April 17th, 2014

Lovely exposed midden at Dingieshowe. It’s all exposed because of the coastal erosion at the site. 

April 16th, 2014

Massive power cut across the Highlands, Western Isles, Orkney and Shetland. 

Kirkwall now has power and I’m assuming other areas of Orkney have also had their power returned as well as other affected areas. 

It was interesting to see the whole of Kirkwall without power, very dark with the heavy clouds here. It also seems to have affected mobile phone signals as well but they seem to have gotten back to normal levels. The power came back on rather fast (about an hour and a half) considering the area affected. 

The open day went very well, rather quiet but gave me a good chance to have a look through some of the material from the Cairns that was on display. 

Shown are some of the 12 (red deer) antler long handled Iron Age combs that were found grouped together inside a pot in the doorway of one of the structures. 

archaeologyrocks101:

The mound itself is named Dingieshowe and was used as a meeting place for Vikings. 

The mound was excavated by J Farrer and G Petrie who reported that it had a wall thickness of 12ft and an internal diameter of 33ft, the mound is about 25ft high. It is thought to be an Iron Age broch structure. The report of Farrer and Petrie states that a number of stone implements and several fragments of pottery were found. Petrie also records that ‘on digging underneath the foundations…it was found that the whole of that part of the sandy knoll on which it was built had been subjected to the action of a strong fire and considerable quantities of burnt bones of large animals were found’.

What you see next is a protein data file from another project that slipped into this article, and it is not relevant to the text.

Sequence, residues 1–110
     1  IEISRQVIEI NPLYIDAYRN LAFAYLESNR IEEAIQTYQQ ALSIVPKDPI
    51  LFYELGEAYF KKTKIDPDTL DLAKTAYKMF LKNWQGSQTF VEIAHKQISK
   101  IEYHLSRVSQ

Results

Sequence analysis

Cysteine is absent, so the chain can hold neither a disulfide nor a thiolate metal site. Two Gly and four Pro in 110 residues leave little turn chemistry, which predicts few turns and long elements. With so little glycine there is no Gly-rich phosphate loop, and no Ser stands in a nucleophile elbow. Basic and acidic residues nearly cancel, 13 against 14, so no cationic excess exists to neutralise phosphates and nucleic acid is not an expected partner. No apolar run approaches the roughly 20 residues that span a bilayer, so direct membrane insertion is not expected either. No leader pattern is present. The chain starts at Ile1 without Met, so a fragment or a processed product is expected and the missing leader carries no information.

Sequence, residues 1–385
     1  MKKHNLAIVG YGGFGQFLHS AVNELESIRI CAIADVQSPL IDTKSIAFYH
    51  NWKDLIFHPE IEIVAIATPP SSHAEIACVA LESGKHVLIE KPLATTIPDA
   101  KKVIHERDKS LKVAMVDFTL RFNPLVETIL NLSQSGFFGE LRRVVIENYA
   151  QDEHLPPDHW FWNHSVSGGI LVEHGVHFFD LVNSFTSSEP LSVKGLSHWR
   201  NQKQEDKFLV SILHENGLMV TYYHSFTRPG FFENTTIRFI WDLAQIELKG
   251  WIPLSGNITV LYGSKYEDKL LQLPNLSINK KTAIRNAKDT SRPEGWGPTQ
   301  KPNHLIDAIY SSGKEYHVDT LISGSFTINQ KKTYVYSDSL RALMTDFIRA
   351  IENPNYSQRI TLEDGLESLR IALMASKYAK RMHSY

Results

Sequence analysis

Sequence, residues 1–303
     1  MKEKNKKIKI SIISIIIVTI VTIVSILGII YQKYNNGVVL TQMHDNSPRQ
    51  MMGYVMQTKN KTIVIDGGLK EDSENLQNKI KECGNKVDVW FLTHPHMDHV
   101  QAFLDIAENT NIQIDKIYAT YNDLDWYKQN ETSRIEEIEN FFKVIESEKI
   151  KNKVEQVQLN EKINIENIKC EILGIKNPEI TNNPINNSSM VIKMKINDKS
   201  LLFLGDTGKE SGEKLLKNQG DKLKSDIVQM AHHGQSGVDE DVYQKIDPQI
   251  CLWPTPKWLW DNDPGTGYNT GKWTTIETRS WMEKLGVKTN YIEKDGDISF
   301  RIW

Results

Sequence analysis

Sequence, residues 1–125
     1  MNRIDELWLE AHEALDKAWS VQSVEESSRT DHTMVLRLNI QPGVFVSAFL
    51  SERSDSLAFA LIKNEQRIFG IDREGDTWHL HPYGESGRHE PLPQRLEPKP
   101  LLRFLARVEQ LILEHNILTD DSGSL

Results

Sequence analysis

In typical antiquarian style they excavated from the top down leaving a dent in the top of the mound, this is a common sight across Orkney. It is also likely they put in a small trench in the bottom of the hill to find the burnt layer under the foundations (25ft is pretty deep to dig top down).  

April 15th, 2014
Scott Timpany is a relatively new member of the department (just over a year maybe?) and has some really interesting research interests in Orkney. It looks to be an exciting lecture. 

Scott Timpany is a relatively new member of the department (just over a year maybe?) and has some really interesting research interests in Orkney. It looks to be an exciting lecture. 

Archaeology Department Open Day.

It’s the Orkney College UHI open day tomorrow and the Archaeology Department will be open from 11am - 4pm if anyone wants to pop by and see what’s on offer. The Archaeology Society will be there with a small table showing off what we’ve been up to and what we hope to do in the future. I think there’ll be various lecturers on hand throughout the day as well. 

I’ll be there 11am - 3pm to help with the society stuff if anyone Orkney based would like to say hello. 

The lovely Dingieshowe beach, I think the last photo is looking towards Corn Holm but it could be Copinsay

April 14th, 2014

East Mainland!

Just gotten back from a lovely trip out the the east Mainland. We visited Dingieshowe to look at the broch (grass covered mound) and the coastal erosion slightly up the coast. We then headed out to Deerness to Newark to look at the medieval chapel remains and the coast erosion of the attached cemetery. There were human remains exposed along parts of the section so it’s highly unlikely I will upload them but I will provide a description when uploading other photos. 

It was a really fun trip, with extremely good weather and despite a mishap with the minibus it was great. Hopefully I will have the chance to go on more trips. 

April 10th, 2014

Tourism and archaeology in Orkney: the Ness effect

by Julie Gibson (Orkney county archaeologist). 

A very interesting article on the impact of tourism on Orkney as well as the rise of interest in Orkney due to recent documentaries about the Ness of Brodgar.